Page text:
• Beau Vallon, Mahe. One of the most popular beaches on Mahe Island, Beau Vallon is a hive of activity. With a long stretch of silvery sands and calm waters, it’s perfect for families and offers numerous water sports, including snorkeling, jet-skiing, and parasailing.
  • Anse Source d’Argent, La Digue. Iconic for its stunning granite rock formations, Anse Source d’Argent is a postcard-perfect beach. The shallow, crystal-clear waters are great for wading and snorkeling. As the sun sets, the pinkish hue of the sands coupled with the silhouette of the rocks creates a surreal atmosphere.
  • Petite Anse, La Digue. A more secluded counterpart to the bustling Anse Source d’Argent, Petite Anse offers tranquility amidst the backdrop of granite rocks and azure waters. It’s a bit of a trek to get there, but the reward is a serene beach experience away from the crowds.
  • Anse Intendance, Mahe. For those seeking a more adventurous beach outing, Anse Intendance with its strong waves is a surfer’s delight. The long stretch of beach is surrounded by lush greenery, making it a picturesque spot for sunbathing and picnics.

Each of these beaches has its unique charm, offering visitors a taste of Seychelles’ diverse coastal beauty. Whether it’s the allure of the azure waters, the thrill of water sports, or simply the desire to lay on the sands with a good book, Seychelles’ beaches promise unforgettable moments.

Accommodation in Seychelles: From Luxurious Resorts to Modest Apartments

Seychelles isn’t just a playground for the wealthy. In addition to package deals from travel agencies, independent travelers can also find suitable accommodations, from modest apartments costing 60-70 euros a day to more luxurious villas that range from 150-200 euros per day.

Despite the stereotype of the “resort for billionaires” in the Seychelles is quite possible to rent a modest apartment for 60-70 euros per night or a villa for 150-200 euros. Photo: Datingscout / Unnsplash.com

Mahe Island hotels

Mahe Island hosts nearly all of Seychelles’ international five-star hotels, offering an array of options:

  1. Constance Ephelia: This luxury hotel located on the island’s west coast is nestled within a 120-hectare tropical garden near Grand Anse Beach and Morne National Park. A double room with a tropical garden view starts from 435 euros per night.
  2. Four Seasons: One of Seychelles’ two Four Seasons hotels (the other is on Desroches Island), the most affordable villa here offers a garden view and a private pool, starting from 2100 euros a day, inclusive of breakfast.
  3. Hilton Seychelles Northolme Resort & Spa: Near the popular Beau Vallon Beach in the island’s north, a room with a private panoramic pool costs 500 euros per night.
  4. JA Enchanted Island Resort Seychelles: A private 130-square-meter villa with a private pool will set you back 1,000 euros per day, but the price includes a 24-hour butler service.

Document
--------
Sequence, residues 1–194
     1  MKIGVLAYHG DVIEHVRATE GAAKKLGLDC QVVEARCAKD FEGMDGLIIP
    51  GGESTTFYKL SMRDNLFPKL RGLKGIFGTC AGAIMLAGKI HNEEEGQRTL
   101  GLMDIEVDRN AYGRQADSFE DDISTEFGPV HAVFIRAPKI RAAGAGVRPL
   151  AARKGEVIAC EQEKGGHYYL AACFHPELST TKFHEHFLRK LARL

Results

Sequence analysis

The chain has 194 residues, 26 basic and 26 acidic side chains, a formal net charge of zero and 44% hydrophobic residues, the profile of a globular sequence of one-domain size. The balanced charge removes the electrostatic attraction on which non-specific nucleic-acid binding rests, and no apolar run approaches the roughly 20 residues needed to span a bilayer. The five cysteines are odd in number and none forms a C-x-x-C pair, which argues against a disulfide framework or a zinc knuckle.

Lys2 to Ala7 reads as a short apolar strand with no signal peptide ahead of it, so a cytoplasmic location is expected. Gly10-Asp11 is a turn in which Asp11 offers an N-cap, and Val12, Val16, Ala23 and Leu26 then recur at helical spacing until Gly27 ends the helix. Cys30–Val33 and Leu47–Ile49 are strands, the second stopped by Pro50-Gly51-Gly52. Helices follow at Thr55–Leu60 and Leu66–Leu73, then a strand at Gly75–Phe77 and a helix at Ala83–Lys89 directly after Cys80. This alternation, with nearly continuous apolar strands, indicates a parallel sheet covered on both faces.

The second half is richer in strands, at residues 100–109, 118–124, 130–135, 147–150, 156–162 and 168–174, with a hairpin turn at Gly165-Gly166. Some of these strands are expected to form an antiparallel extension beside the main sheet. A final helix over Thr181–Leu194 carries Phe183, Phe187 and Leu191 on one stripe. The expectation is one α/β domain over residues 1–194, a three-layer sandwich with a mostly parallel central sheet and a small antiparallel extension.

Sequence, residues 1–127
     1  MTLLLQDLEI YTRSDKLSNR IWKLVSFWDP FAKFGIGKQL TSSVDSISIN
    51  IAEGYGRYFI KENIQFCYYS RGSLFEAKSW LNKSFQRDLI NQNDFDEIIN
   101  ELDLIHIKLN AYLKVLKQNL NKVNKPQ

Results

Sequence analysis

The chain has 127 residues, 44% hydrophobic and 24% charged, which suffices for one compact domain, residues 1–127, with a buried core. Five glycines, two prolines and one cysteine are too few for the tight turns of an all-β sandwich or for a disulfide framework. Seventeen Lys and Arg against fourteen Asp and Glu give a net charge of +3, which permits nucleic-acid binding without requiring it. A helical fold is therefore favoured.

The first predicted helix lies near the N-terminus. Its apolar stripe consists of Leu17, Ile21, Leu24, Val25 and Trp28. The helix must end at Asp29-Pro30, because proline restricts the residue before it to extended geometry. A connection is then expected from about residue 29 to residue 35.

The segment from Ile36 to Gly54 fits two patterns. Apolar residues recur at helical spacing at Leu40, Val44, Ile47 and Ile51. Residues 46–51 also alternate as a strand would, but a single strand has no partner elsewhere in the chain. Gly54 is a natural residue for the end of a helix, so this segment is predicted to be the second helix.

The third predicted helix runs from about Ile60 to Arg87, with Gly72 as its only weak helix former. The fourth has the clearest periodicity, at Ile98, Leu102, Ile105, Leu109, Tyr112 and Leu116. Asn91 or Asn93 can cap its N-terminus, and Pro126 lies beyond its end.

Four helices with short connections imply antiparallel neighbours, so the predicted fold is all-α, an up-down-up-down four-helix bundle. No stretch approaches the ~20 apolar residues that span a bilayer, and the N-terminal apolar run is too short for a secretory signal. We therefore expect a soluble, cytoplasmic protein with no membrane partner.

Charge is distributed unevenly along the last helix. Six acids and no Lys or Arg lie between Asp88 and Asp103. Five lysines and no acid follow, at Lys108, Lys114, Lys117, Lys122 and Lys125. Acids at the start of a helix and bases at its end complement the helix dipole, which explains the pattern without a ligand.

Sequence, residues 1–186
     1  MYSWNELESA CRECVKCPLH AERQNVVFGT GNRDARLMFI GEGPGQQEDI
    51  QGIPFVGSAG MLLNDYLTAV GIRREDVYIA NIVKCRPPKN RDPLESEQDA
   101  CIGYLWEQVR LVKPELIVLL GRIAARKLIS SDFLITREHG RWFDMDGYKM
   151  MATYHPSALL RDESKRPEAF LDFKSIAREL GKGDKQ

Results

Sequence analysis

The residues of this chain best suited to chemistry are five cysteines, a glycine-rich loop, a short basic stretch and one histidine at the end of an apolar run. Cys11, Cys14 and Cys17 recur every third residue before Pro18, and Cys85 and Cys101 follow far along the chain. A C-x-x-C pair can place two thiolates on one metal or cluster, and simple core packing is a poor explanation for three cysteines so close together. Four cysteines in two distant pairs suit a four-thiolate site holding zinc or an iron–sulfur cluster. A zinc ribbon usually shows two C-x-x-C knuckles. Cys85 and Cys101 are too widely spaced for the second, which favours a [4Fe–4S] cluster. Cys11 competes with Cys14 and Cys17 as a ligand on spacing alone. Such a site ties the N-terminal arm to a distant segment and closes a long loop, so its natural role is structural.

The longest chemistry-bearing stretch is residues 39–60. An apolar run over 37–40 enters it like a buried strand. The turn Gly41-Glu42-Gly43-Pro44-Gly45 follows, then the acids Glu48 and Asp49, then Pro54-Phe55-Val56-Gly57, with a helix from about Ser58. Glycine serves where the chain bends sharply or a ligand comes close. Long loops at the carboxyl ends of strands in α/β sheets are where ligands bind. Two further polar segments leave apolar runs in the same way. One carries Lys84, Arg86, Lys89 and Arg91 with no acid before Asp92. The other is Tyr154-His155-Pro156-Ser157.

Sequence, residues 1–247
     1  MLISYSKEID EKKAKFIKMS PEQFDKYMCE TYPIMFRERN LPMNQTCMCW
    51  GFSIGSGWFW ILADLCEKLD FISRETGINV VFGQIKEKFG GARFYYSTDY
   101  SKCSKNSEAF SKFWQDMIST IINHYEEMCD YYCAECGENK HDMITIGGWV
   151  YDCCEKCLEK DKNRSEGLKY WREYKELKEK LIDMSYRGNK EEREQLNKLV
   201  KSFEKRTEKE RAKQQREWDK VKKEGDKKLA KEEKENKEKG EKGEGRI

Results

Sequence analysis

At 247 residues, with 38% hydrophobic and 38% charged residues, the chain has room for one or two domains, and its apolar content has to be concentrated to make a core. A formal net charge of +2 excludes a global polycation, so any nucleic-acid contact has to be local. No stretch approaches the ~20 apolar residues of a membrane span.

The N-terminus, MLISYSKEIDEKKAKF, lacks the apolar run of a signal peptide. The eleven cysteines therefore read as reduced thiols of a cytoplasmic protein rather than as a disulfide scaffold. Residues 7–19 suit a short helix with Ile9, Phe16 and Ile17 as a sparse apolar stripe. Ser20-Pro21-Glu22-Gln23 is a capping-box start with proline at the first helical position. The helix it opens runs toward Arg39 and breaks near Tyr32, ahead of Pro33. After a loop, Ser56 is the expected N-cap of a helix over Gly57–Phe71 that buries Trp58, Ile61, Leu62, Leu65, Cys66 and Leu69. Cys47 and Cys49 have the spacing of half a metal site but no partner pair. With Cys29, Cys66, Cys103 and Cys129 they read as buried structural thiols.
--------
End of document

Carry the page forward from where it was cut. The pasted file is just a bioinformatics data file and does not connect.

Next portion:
5. Savoy: Rates start from 400 euros per day with breakfast.
  6. Kempinski: A room with an ocean view and breakfast costs 550 euros per night.

Hilton Seychelles Northolme Resort & Spa

For those looking for a more budget-friendly option, several apartments and villas offer a comfortable stay:

  1. Flora’s Self Catering: Located 400 meters from Anse-à-la-Mouche beach, a fully equipped two-bedroom villa with a kitchen-living room and terrace costs 180 euros per day in a quiet location.
  2. Venlia: One kilometer from popular Beau Vallon Beach, you can book an equipped apartment with its own small pool and a bay view for 180 euros per day.
  3. Mer Riviere: A new apartment near the popular Beau Vallon Beach costs about 110 euros per night. Bookings require a minimum stay of three days.
  4. Shanaz Beachside Retreat: This small complex of four villas offers a family atmosphere in the south of the island, overlooking Anse Royal beach. The hostess, known for her excellent cooking, helps solve even the smallest of problems. An equipped room with a sea view costs 170 euros per night.

Venlia Apartments with its own small swimming pool is located one kilometer from the popular Bo Valon beach. Photo: Venlia

Praslin hotels

  1. Constance Lemuria, famed for its 18-hole golf course and privileged access to Anse Georgette, one of Seychelles’ most serene beaches, is an epitome of a tropical paradise. Here, dwellings under thatched roofs offer panoramic vistas of the expansive ocean, enveloped by luxuriant gardens that whisper tales of exotic tranquility. Prices for this edenic retreat commence at a notable 950 euros per day.
  2. Face Mer presents a considerably more affordable alternative at 170 euros per day, without compromising on the allure of the Seychelles. Its expansive terrace provides captivating sea views, and as an added bonus, the locale is known for its famous turtle residents. It’s an intimate encounter with nature at its best, inviting travelers to experience a less manicured, more authentic slice of island life.
  3. Ruffles, in close proximity to Anse Lazio, acclaimed as one of the finest beaches, offers a heightened sense of luxury. Here, a plush villa complete with its own swimming pool commands a price tag of 1,000 euros per day. This exclusive property also boasts an open-air spa, where private treatment rooms promise indulgent relaxation against a backdrop of the Indian Ocean. The promise of such unparalleled opulence compels discerning travelers to surrender to the enchantment of Seychelles.

Ruffles – a luxury villa with its own pool from 1000 euros per day. Photo: Ruffles

La Digue hotels